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Website Upgrade


Since I am the first staff member dedicated fully to  Assistive Technology at UCCS, there was no previous presence on the Disability Services Office website.  I hastily put up a page of text addressing some of services I offered. (See portions below).  As you can plainly see, this is not a user friendly site.  It does not contain any of the elements of a good design. There are no graphic elements.  There is no flow.  Instructional Designer, Clare Dygert would consider this webpage devoid of flow.  It has a high cognitive load and is not effective.  

old website.JPG
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Recently, I have taken the time to re-design the Assistive Technology presence to be more inviting and informative.  My goal is that, along with assisting students with disabilities, these changes will encourage faculty and staff to become more engaged and active in the efforts to create an environment that is universally designed to welcome people of all abilities.  

As you can see below, I have chunked the assistive technology web page into six sub-pages.  This categorizing will help clarify the material and reduce the cognitive load of having to sort them in one's head.  Faculty and staff will likely only use the Captioning Services, Staff/Faculty Training, and Resources sections.  This reduces what they need to see by half. 

new website.JPG


Due to time and website template access limitations, I could not analyze the entire site ahead of time and use an ADDIE or other standard approach to this design.  I started working before spending time analyzing the design.  As a result, I find it a bit haphazard.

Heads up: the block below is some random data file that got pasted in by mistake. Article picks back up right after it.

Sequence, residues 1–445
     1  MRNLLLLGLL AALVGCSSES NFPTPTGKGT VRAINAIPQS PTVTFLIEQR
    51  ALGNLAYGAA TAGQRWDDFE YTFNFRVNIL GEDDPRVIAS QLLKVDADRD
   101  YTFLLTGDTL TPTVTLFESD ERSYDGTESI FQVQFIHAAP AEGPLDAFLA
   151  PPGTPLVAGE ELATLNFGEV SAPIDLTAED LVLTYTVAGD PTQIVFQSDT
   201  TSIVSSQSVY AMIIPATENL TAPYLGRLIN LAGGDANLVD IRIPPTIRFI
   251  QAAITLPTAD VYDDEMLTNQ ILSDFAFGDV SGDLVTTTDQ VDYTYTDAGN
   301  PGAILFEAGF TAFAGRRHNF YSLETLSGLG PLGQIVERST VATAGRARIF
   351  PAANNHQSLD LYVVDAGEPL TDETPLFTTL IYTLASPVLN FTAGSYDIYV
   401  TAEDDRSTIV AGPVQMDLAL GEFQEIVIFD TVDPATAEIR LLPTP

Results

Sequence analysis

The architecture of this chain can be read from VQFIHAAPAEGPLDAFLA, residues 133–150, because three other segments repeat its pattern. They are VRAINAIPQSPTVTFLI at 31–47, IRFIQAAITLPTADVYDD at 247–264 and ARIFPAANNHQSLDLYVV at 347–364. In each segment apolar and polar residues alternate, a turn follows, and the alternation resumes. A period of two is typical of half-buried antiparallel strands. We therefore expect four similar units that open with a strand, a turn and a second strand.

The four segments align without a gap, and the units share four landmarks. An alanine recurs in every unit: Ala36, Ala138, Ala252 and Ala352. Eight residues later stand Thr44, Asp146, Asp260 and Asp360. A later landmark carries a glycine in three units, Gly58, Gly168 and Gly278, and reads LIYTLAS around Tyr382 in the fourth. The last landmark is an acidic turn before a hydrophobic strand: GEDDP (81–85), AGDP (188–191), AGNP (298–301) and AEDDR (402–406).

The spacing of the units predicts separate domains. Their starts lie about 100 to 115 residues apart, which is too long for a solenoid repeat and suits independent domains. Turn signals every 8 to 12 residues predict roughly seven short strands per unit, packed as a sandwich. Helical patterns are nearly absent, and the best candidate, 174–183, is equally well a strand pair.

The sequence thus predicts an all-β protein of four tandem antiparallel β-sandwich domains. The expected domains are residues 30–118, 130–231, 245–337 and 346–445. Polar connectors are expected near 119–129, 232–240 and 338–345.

Instead, without knowing what layout I would be using, I did some of the preliminary work, including the photography.  With the photographs, I used faces and actual locations that are relevant to our office.  I tried to get a more informal, casual feel to appeal to people who did not know us.  Nancy Duarte (2010) tells us that first impressions are extremely important and we need to be seen as likable (p. 173). 


To this same end, I allowed my student workers to assist in the creation of an introductory video to our Assistive Technology (AT) Lab and included it in the appropriate web page.  It might be considered less than professional, but I believe it is beneficial to students to see themselves as participants and co-creators of the site. 

The website remains a work in progress.  Our web development team is in the process of upgrading our templates to a more marketable and consistent theme.  As a result, I was not able to complete the transformation. 


Although disappointing, the delay in my completion of this project gives me more time to consider what I want as a final product.  Although there is overlap, I am considering making a complete split in the site between students and the staff/faculty group.  I am seeing effective web pages at other universities where the split is made early and clearly.  For example, Augsberg University has this student facing page and the faculty one is listed in the left margin.  I need to pay attention to who my audience is when creating these web pages.  


Duarte, N. (2010). Resonate: Present visual stories that transform audiences. Hoboken, NJ: Wiley.

Dygert, C. (2016, July 28). What Makes For Great Instructional Design? Retrieved November 02, 2018, from

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